Ghana is one team that has been under scrutiny involving concern over whether a warm-up match leading up to this year’s World Cup was fixed. On Monday, June 23, the President of the Ghana Football Association (GFA) released a statement denying that he allowed his team to play in matches at risk of being fixed. According to the UK Daily Mail, “Channel 4’s Dispatches and The Telegraph claimed that GFA President, Kwesi Nyantakyi, had agreed for Ghana to play in two proposed matches after the World Cup, but he has denied that. The contract for the partnership between the GFA and Diamond Capital, a bogus investment firm, stated that it would cost £100,000 for each match involving the Ghanaian team, but Diamond would be allowed to appoint the referees and other match officials – a clear violation of FIFA’s rules.”
With match fixing in mind, and the temptation of having a variety of topics to wager on during this year’s World Cup, the Mass. Council encourages people to set limits if they’re going to gamble, and to understand the risks involved.
The Council understands that sports are fun for many people, but there are people who bet on sports, and in some cases, it may take over their lives. With such a wide variety of ways and topics to wager on the world cup, access is not only easily available, but also very appealing. As it stands, soccer is not nearly as popular in the United States as it is for the rest of the world. In his blog on the Gambling Watch UK website Professor Jim Orford’s blog, World Cup Betting: Should We Be Concerned?, notes that many people will ignore opportunities to gamble during the World Cup. Orford explains, “Others will place the occasional small bet and leave it at that. But there will be others who spend more than they or their families would have wished and some who will get into debt or into family arguments as a result. There will be some who will look back in years to come and recognize that ‘the 2014 World Cup was when my gambling problem started’. This is a public health issue and we are all – the betting companies, the Government, the regulator, television companies, the press and media generally, and the general public – responsible for managing it.”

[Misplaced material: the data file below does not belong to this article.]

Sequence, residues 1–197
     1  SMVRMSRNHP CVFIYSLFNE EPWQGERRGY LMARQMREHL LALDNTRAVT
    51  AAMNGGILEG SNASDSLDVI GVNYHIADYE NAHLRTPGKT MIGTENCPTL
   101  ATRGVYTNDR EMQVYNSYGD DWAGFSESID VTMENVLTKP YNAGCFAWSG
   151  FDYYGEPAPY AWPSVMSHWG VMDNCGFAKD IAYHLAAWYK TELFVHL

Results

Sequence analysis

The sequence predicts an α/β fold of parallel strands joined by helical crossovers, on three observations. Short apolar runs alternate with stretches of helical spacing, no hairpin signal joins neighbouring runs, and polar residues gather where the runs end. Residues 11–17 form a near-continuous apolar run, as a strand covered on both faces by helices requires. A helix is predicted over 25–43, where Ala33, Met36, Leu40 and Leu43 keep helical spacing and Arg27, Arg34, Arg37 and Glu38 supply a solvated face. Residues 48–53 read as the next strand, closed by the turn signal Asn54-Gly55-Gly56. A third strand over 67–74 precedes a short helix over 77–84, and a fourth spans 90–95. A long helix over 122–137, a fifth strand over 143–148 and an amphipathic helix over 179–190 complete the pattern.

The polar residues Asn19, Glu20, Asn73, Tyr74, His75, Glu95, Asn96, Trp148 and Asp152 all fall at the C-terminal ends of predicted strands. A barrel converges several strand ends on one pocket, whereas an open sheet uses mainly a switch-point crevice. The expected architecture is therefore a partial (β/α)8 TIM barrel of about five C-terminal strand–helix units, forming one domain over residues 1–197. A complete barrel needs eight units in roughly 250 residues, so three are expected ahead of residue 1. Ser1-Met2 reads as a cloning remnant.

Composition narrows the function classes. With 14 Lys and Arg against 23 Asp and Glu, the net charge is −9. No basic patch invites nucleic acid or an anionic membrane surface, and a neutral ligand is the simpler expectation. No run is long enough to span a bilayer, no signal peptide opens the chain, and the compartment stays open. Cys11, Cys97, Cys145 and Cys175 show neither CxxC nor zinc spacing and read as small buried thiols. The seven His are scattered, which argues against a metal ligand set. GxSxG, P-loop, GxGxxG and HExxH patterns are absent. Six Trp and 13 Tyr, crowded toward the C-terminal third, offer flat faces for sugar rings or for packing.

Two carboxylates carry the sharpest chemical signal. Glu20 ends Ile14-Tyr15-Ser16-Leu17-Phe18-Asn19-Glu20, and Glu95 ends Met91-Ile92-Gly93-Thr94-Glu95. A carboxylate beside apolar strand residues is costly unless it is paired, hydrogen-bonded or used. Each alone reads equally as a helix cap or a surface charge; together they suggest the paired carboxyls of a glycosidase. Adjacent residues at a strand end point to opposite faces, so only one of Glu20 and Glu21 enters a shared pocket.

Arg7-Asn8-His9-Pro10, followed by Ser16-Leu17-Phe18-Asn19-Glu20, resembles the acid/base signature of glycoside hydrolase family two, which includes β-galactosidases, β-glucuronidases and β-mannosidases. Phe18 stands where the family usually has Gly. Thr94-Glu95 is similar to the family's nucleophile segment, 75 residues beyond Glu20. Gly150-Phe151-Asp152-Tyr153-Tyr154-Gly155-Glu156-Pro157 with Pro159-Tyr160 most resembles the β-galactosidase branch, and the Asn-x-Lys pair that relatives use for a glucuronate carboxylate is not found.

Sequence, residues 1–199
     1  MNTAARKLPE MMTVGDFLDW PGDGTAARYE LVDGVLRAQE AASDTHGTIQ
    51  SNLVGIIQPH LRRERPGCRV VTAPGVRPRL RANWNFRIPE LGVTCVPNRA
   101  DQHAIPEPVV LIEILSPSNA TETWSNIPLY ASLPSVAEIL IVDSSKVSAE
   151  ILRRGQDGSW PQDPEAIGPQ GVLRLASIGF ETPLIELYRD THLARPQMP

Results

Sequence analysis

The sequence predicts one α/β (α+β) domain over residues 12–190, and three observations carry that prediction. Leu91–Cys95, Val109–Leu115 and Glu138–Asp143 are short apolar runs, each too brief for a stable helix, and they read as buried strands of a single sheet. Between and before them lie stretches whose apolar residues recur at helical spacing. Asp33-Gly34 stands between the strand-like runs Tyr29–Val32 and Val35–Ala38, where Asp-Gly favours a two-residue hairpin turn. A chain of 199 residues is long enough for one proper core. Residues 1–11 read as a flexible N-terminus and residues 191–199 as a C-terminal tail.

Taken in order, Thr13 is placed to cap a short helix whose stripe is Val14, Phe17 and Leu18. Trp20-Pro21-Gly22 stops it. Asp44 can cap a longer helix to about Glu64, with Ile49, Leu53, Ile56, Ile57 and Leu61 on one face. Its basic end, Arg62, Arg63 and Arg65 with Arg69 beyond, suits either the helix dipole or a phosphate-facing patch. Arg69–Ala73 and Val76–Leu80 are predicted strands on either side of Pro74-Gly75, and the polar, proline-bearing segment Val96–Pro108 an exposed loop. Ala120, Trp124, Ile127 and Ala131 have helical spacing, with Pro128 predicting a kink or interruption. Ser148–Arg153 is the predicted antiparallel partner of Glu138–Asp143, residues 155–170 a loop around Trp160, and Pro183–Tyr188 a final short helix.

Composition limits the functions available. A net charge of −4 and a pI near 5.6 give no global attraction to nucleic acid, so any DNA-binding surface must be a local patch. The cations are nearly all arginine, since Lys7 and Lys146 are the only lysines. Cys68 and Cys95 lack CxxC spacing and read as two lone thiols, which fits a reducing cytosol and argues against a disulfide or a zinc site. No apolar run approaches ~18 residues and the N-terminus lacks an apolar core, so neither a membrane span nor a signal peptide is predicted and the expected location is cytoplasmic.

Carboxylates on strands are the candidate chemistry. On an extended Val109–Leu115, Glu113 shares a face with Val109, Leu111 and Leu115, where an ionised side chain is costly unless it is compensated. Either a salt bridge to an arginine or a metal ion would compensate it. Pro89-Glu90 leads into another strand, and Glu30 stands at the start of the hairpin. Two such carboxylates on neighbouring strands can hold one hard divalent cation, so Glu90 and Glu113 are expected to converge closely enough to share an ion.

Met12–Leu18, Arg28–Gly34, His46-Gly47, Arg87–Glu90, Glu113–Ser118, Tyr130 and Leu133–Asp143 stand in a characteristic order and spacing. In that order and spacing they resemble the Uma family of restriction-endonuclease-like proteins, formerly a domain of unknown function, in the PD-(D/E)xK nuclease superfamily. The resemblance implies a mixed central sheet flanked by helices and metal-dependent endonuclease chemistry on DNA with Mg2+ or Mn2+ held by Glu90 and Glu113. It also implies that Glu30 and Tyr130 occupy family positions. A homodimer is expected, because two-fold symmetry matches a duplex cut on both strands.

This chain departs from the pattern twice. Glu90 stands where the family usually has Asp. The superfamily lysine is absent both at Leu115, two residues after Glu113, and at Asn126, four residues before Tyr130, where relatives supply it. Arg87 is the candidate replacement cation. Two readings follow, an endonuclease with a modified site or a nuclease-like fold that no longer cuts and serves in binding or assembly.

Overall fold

As it stands, soccer is not nearly as popular in the United States as it is for the rest of the world. This does not mean that people in America are exempt from being at risk for experiencing problems with gambling during the World Cup, and for that small population who are at risk, the Mass. Council understands the problem and can help.
Should you or a loved one be experiencing problems with gambling or feel at risk of experiencing problems with gambling, while watching the World Cup or taking part in any other type of activity, the Mass. Council is available 24 hours a day, 7 days a week to chat live online, or talk over the phone (800.426.1234).